Successfully reported this slideshow.
Your SlideShare is downloading. ×

When Rape was Legal: The Politics of African American Women’s Bodies During the Reconstruction Era

Ad
Ad
Ad
Ad
Ad
Ad
Ad
Ad
Ad
Ad
Loading in …3
×

Check these out next

1 of 1 Ad

When Rape was Legal: The Politics of African American Women’s Bodies During the Reconstruction Era

Download to read offline

Bridget Condie's essay When Rape was Legal: The Politics of African American Women’s Bodies During the Reconstruction Era comprises part of the YHR Senior Essay Edition.

Bridget Condie's essay When Rape was Legal: The Politics of African American Women’s Bodies During the Reconstruction Era comprises part of the YHR Senior Essay Edition.

Advertisement
Advertisement

More Related Content

Advertisement

More from YHRUploads (20)

Advertisement

Recently uploaded (20)

When Rape was Legal: The Politics of African American Women’s Bodies During the Reconstruction Era

  1. 1. uring the 1871 trials of the Ku Klux Klan a general pattern of questioning the witness took place. The typical pattern veers from the “norm” when the testifying woman is asked what the Klan did to her. In trial after trial, a black woman would begin her terribly gruesome story of sexual assault and rape. In front of an all-white and likely all-male court- room, these brave women took the stand to reveal inti- mate truths about what racial violence in the South did to them. The result of their bravery? Justice for their hus- bands and fathers, but none for themselves. In the Reconstruction Era, the Ku Klux Klan often used extreme sexual violence against a man’s wife or daughterstointimidatehimintovotingdifferentlyornot at all. In the case of Harriet Simril, Simril testifies that she was gang raped by Klansmen, who aimed to force her husband into joining the Democratic ticket. All of the questions asked in Simril’s testimony focus on her hus- band and his vote being the motivation behind the vio- lence. When prosecuting attorney David T. Corbin asks the witness to recount the violence she endured, Simril identifies her attackers by name and physically points at them leaving no doubt who they were. However, af- ter this scene, the attorney never mentions these men in the trials again, because the men identified as rapists do not further the ultimate argument that Corbin tried to prove: that the Klan, and more specifically the men on trial, used violence to obstruct black men’s voting rights. Harriet Simril is just one of many black women who tes- tifiedagainstherwhiterapistandfoundnojusticeforher bravery and survival. If these crimes are discussed in grave, irrefutable de- tail in a court of law and no legal action is taken, what does that say about the illegality of rape? In finding jus- tice for oppressed and victimized black men, an injustice is committed against black women. It is tragically ironic. Throughout the many testimonies and examinations, it becomes very clear that the goal of the prosecuting law- When Rape was Legal by Bridget Condie PC’20 Advised by Professor Edward Rugemer Edited by Grace Blaxill PC'22 and Julianna Gross DC'23 1 Black Women and Sexual Violence: Black Women and Reporting Crimes of Sexual Violence.” National Organization for Women, now.org/wp-content/uploads/2018/02/Black-Women-and-Sexual-Violence-6.pdf. ABSTRACT The Politics of African American Women’s Bodies During the Reconstruction Era yersisthevindicationofsuffragerightsofblackmen.The lawyers go to extreme lengths to prove how far members of the Klan went to infringe upon black men’s right to vote,oftenattheexpenseoftherapesurvivors.Theoffen- sive and even assaulting manner in which examinations are done, the abrupt questioning, and their lack of legal interestintherapesleadthereadertooneconclusion:the legal protection or even well-being of black women is not their priority. As a result of the lawyers’ behavior, Harriet Simril and the other raped and sexually assaulted black women did not find justice. The tragic irony is further underscored by the fact that these trials and monumen- tal proceedings were conducted to exemplify how the country had moved on past the era of slavery and legal inequality. According to the National Organization for Women, for every 15 black women who are raped, only one re- ports her assault.1 This staggering statistic illustrates the profound effects the KKK trials are still having on black women in America. Looking at the various threads that combine to make a cloth of history, the treatment of Af- rican American women in these cases and the prosecu- tion’s ulterior motives created a precedent where black women are not taken seriously in court, and, as a result, do not find legal justice. Society’s treatment of rape and sexualassaultisimperativetoitsownbetterment.Itisim- portanttolookbackattherootsofthisinjusticetounder- stand the patterns of the 21st century. It is clear that not much has changed in terms of the safety of the African American woman. The only way to fix this problem is to legitimize the voice of the sexually assaulted woman. It is imperative to know this history and read these court cases so that as a whole, society can begin to correct and fix the faults in our legal system. D Senior Thesis Edition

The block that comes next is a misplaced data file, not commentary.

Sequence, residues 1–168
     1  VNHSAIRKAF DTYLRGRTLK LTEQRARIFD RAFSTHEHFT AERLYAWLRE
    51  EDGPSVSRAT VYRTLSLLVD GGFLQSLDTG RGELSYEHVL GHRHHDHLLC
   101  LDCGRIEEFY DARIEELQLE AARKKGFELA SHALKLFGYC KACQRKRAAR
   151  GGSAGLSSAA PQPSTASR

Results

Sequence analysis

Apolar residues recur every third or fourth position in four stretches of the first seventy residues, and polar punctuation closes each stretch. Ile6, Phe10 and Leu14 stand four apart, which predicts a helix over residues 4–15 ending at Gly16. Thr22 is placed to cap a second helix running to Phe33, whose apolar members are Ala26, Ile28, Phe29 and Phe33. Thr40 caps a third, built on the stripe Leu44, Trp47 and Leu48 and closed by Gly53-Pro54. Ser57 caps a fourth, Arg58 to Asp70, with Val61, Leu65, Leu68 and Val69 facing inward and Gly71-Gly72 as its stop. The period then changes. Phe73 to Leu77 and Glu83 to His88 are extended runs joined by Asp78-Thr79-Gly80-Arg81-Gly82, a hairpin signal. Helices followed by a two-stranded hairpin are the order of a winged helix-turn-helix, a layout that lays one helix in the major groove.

×